The sign outside the bar read “Cheap Drinks! Free Pool! Live Music Combo!,” but the combo on stage consisted of one guy in a Santa hat with a Casio keyboard. He was singing John Denver’s “Please Daddy (Don’t Get Drunk on Christmas)” in a dim light.

The Broken Bells Tavern stood, naturally enough, at the dead end of Broken Bells Road. It was close enough to my apartment that driving there wasn’t a pain, but also far enough away that I could feel like I was going out for a night on the town. I was sitting at the bar, alternating Schlitz on tap and shots of Jägermeister, the smell of spilled beer and holiday despair swirling around me.

There were only a few of us in the establishment and none of us were sitting together. I suppose I was the one being the most sociable, since I was at the bar and I could talk to the bartender if I so desired. I didn’t desire.

I finished off the last of my beer, got off my stool and went over to the murky corner where the deserted pool table stood. I racked the balls and broke, sinking the ones I felt like sinking with no particular destination in mind. Nothing like playing pool by yourself on Christmas Eve! As I was finishing my second game, the “combo” started singing “Blue Christmas” with an unsettling faux Elvis lilt. It was the least festive thing I’d ever heard. That was the final nudge I needed to wrap up my game and head home for the remainder of the night.

I went to put the pool cue back in its slot on the wall, when a voice stopped me.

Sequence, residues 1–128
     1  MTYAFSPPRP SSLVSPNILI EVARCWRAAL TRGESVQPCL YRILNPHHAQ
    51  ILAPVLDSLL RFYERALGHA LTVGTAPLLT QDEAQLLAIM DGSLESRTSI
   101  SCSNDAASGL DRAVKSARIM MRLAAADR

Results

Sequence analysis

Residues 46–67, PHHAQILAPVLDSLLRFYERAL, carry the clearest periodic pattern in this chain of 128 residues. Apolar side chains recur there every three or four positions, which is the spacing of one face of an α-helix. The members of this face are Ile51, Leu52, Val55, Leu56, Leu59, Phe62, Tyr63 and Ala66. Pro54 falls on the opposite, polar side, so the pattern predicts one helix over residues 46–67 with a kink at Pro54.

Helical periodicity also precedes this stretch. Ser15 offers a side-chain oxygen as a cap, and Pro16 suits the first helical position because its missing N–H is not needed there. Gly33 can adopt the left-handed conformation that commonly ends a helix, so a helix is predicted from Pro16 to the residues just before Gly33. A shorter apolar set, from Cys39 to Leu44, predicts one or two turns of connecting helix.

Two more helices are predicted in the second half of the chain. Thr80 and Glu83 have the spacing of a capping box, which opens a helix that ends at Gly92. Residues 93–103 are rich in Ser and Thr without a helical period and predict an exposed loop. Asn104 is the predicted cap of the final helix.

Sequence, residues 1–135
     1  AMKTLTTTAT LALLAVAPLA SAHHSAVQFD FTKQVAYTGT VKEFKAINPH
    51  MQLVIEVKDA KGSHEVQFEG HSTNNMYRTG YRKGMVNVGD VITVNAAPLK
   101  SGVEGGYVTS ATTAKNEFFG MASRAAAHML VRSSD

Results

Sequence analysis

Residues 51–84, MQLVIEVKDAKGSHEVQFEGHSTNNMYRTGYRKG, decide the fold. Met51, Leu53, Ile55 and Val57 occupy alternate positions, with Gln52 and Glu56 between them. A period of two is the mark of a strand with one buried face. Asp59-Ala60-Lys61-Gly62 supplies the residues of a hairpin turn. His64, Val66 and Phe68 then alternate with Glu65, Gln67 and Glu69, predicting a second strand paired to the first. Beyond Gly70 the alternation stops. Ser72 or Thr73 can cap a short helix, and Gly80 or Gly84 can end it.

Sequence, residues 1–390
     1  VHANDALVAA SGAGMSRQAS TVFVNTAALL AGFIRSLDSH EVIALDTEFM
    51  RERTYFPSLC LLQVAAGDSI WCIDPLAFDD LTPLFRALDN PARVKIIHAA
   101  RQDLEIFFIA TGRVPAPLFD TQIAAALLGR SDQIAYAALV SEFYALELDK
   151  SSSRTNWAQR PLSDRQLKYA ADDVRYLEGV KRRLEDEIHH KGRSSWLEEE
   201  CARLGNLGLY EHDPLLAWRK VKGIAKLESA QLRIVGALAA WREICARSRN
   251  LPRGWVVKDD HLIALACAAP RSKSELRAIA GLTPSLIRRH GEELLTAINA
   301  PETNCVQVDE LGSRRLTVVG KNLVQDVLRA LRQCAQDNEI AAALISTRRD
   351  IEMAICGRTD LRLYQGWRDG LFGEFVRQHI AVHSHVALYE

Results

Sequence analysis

“Care for a game?”

I’d seen her sitting at a table, drinking by herself. Blonde hair in a ponytail, flannel shirt, jeans. She looked like she might have a touch of the holiday doldrums, but a subdued air of confidence made it seem like she was okay with the melancholy.

I didn’t have anything waiting for me at home. “Sure,” I said.

I set up the table and we played a few quiet rounds, she didn’t have much to say and neither did I. Every time she missed a shot, she made a little frustrated noise under her breath; sometimes a sigh, sometimes a muttered word. I won two games and she won one.

“Care to make it interesting?” she asked.

“Maybe,” I said. “How much?”

She thought for a moment. “Twenty a game.”

I gave a small laugh. “I can’t afford that,” I said. “How about ten?”


“Can I get you a drink before you take all of my money?”

“Vodka tonic,” she said, grabbing the rack and getting the table ready.

I walked to the bar and got her cocktail and bought myself another beer and carried them back over to the pool table. Casio Santa started in on “I Saw Mommy Kissing Santa Claus.”

We played three quick games. The balls click-clacked on the felt and sank into the pockets with a steady rhythm. She pretty much ran the table each time. After the first game, I knew she was grifting me, but I had enough cash to let it go on for a little while longer. I said things like “I’ll get you this time” and “Now you’ll see.”

After I gave her my final ten, we called it quits. In the gloom of Broken Bells we put on our winter coats and stepped out into the crisp December air.

“What’s your name,” I asked her.



“Thanks for the drink, Shane,” she said. She darted in and gave me a quick kiss on the cheek.

“No problem,” I said. I smiled. “You run a good hustle. Merry Christmas.”

As she walked to her car, she said, “Merry Christmas to you, too.”

I stood and watched her drive away. The touch of her lips lingered on my skin. Then I got into my car and drove home, enjoying the lights on the houses and the snow on the lawns.

Locus Magazine once called John Weagly “a new writer worth reading and following.” His short stories have been nominated for the Derringer Award, winning one in 2008, and various other accolades. As a playwright, nearly 100 of his scripts have received over 150 productions on four continents.

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Every Day Fiction